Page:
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Monday, October 24, 2011

Heroes and Villains

In the basic person-vs-person plot, the goodness of the hero depends largely on the badness of the villain. Conversely the nastiness of the villain exists more or less in proportion to the virtue of the hero or heroine who opposes him (her).

Hence Clarice Starling's intelligence, wit, decency and basic humanity are enhanced as she contrasts them against the demented intelligence and indecency of Hannibal Lecter, one of the most cunning monsters ever to grace American books and movies. She becomes a more amazing, insightful and virtuous heroine because she is pitted against an absolutely monstrous villain, one whose cleverness we can't help admiring even as our revulsion intensifies.

Harry Potter would never have become the Hero of Hogwart's if it hadn't been for Voldemort. J.K. Rowling herself, via her character Dumbledore, even tells us that Tom Riddle created the instrument of his own destruction by seeking out and trying to destroy "the boy who lived."

The list is long. Sherlock Holmes had his Moriarty; Batman his cast of hideous bad guys. Find a hero anywhere and he is matched by a villain as evil as he is good.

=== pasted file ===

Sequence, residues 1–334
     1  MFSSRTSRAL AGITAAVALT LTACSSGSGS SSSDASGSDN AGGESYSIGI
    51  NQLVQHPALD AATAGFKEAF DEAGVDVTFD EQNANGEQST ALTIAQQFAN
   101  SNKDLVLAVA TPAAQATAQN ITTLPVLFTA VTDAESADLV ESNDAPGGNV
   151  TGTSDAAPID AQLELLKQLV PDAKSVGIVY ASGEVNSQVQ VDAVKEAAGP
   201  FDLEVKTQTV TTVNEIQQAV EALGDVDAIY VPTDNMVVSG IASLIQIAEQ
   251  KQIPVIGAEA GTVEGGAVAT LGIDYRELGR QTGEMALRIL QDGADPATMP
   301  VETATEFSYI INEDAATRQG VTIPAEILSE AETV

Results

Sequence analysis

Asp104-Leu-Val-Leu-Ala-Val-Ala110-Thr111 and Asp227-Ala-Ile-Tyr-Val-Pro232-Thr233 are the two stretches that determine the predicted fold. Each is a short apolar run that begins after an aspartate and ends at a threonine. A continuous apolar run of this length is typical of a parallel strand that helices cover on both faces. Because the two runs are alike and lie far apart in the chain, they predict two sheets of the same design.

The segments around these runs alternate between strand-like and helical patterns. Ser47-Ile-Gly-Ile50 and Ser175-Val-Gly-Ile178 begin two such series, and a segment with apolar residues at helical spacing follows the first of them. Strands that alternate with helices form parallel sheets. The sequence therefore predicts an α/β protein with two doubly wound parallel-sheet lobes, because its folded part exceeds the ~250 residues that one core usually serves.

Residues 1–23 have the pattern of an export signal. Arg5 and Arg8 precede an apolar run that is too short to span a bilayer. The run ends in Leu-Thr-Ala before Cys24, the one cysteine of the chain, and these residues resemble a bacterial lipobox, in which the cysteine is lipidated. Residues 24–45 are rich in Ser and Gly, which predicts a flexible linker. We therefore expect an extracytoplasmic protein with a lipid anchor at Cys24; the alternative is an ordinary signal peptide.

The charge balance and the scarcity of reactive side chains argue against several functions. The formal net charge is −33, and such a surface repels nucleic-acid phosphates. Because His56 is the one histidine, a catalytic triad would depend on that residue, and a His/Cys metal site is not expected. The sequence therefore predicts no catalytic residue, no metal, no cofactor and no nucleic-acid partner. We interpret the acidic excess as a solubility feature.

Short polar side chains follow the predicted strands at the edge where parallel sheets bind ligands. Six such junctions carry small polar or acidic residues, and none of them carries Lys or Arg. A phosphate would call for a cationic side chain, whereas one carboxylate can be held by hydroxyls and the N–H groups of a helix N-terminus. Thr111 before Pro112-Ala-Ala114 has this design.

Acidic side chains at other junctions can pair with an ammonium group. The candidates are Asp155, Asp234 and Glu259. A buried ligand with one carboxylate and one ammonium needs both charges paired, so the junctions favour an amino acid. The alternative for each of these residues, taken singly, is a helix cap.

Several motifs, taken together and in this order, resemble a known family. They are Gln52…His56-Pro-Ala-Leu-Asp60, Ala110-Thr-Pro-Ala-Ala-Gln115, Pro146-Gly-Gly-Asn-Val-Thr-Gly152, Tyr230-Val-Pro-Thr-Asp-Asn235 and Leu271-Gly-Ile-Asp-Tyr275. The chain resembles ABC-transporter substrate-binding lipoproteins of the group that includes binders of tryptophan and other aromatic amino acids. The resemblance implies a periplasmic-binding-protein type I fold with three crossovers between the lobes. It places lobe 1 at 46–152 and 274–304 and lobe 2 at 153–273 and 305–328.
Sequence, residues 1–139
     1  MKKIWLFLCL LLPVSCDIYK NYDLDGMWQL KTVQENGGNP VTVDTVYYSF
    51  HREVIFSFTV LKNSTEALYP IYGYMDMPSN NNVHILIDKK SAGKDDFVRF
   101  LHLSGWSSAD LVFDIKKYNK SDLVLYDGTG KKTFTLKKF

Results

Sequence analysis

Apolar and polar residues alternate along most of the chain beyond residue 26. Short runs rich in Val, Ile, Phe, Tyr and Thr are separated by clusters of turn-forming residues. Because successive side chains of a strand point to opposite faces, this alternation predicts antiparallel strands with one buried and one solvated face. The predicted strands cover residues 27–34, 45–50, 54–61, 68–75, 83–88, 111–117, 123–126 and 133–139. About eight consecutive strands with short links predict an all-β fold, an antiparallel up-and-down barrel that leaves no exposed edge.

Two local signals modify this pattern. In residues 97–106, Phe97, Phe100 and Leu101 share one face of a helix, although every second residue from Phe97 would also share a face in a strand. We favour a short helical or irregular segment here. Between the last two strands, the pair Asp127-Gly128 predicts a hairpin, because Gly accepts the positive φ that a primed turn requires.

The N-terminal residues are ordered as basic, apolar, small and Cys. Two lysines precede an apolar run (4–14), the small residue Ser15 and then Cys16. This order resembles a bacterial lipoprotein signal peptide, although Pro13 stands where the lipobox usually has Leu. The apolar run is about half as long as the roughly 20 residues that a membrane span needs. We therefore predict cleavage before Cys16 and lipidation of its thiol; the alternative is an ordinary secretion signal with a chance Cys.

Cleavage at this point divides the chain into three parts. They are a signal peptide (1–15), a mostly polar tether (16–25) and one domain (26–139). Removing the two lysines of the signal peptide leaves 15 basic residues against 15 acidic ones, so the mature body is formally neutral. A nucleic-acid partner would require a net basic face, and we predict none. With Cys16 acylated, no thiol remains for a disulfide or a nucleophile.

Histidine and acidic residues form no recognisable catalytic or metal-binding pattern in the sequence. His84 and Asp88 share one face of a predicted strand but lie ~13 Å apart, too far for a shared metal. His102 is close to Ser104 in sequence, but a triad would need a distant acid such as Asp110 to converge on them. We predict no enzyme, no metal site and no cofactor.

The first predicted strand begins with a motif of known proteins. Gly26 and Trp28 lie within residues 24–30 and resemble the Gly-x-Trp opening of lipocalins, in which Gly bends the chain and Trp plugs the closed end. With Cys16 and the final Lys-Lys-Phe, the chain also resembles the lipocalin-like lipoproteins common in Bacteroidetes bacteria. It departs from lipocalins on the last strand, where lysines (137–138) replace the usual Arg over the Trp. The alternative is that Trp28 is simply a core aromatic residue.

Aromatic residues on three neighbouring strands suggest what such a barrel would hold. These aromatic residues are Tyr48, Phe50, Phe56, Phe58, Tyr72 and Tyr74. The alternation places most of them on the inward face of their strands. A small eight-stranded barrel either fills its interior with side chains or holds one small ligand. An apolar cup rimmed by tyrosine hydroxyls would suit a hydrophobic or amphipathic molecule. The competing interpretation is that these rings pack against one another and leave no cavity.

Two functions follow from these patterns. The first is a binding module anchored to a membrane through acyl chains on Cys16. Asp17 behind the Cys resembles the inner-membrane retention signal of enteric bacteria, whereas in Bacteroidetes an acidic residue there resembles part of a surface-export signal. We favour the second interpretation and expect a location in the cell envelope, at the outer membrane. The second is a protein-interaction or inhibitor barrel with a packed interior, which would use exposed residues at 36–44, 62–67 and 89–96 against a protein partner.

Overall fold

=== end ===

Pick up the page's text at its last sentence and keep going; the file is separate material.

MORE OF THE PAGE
The example even works in history. Gen. Dwight Eisenhower might never have become the leader he was had he lived in a time of peace. He became the commander of the Allied Forces and then the President of the United States because his leadership was shaped, honed, and polished by his conflict with Adolph Hitler and the forces of the German Third Reich, Tojo and the Axis Powers.

We who write can do well to remember this phenomenon: In a person-vs-person conflict, the hero(ine) and villain create one another as they pit their best and worst against each other.


Who are your favorite fictional villains? What heroes or heroines do they "create" through their conflict?

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